The divergence of wealth continues to reach staggering inequality. With the World Economic Forum being held next week, we look at how the economic divide of the population is ever increasing.
Mario Draghi, the European Central Bank president, is about to push for a $635 billion bond purchase programme. However, if he were to give that money to each of the 507.4 million people in Europe, then that would amount to over €1,200 per person. In terms of the UK, if the over £500 billion 2008 bailout were put into every active bank account in the country, this would equate to over £10,000 per account. A recent BBC documentary has even put this number higher, at over £20,000 per person.
Oxfam and Credit Suisse created separate reports on this, both confirming that nearly half the world’s wealth is controlled by 1% of the world’s population. This shows that there is a lack of competition in the world, with vast monopolies of industries where regulation and competition laws have evidently failed.
The UK divide in wealth is all too stark. Food banks are opening up on nearly every high street in much the same way as branches of a very successful bank would do. What has caused this increase? In short, rising costs of living. We know power and gas prices have risen over the years, as has the cost of the weekly grocery run. There’s no real strain on demand but speculators are driving up the prices nonetheless. Zero contract hours have diminished a stable income base, too. No longer can a single income be enough to sustain the traditional family.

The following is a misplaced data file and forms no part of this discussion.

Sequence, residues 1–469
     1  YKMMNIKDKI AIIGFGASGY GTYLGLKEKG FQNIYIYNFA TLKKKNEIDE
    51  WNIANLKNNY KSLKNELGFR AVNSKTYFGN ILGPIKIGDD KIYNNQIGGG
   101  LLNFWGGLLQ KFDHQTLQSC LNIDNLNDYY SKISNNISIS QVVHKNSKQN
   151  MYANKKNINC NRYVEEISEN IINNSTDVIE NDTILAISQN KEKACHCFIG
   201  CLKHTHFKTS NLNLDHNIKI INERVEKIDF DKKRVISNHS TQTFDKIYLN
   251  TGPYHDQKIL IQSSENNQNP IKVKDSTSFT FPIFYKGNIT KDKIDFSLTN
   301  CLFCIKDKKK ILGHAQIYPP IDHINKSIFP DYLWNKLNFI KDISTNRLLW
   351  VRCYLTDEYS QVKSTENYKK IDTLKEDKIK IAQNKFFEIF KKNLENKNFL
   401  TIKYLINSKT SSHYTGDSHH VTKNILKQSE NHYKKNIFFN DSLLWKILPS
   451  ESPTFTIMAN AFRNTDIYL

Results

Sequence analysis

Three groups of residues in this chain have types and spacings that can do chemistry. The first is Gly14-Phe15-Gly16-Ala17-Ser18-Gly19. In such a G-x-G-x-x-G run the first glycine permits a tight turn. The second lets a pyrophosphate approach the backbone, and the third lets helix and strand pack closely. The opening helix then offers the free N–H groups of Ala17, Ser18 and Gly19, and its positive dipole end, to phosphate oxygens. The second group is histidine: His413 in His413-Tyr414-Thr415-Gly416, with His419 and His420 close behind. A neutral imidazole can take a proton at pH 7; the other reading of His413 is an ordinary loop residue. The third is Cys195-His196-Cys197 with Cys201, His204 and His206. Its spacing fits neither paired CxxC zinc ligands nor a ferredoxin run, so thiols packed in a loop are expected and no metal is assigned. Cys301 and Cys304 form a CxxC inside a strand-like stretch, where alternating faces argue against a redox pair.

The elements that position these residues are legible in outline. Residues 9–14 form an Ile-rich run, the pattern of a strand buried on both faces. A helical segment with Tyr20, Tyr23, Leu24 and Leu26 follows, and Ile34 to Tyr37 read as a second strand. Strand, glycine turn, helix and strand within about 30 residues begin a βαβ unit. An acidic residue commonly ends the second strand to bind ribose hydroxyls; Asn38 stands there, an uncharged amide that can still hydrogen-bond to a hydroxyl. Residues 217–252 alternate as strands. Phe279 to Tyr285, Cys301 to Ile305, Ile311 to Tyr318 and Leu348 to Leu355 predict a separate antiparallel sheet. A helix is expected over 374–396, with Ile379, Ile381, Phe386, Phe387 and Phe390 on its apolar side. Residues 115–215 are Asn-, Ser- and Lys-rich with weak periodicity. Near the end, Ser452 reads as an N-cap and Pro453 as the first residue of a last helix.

A Centre for Cities think tank report stated that “for every 12 jobs created in the South, one is lost in the North”. This is a slight generalisation as specific cities have developed very well in the last few years. Aberdeen and Newcastle were among the top 10 towns for private sector job creation between 2003 and 2013. On the other end of the spectrum Newport, Swindon, and Gloucester have seen the greatest job losses.
The question is will this divide get worse or will it even out? In all likelihood, it will get worse unless ‘Thatcheresque’ action is taken rather than tinkering with pieces of the economy.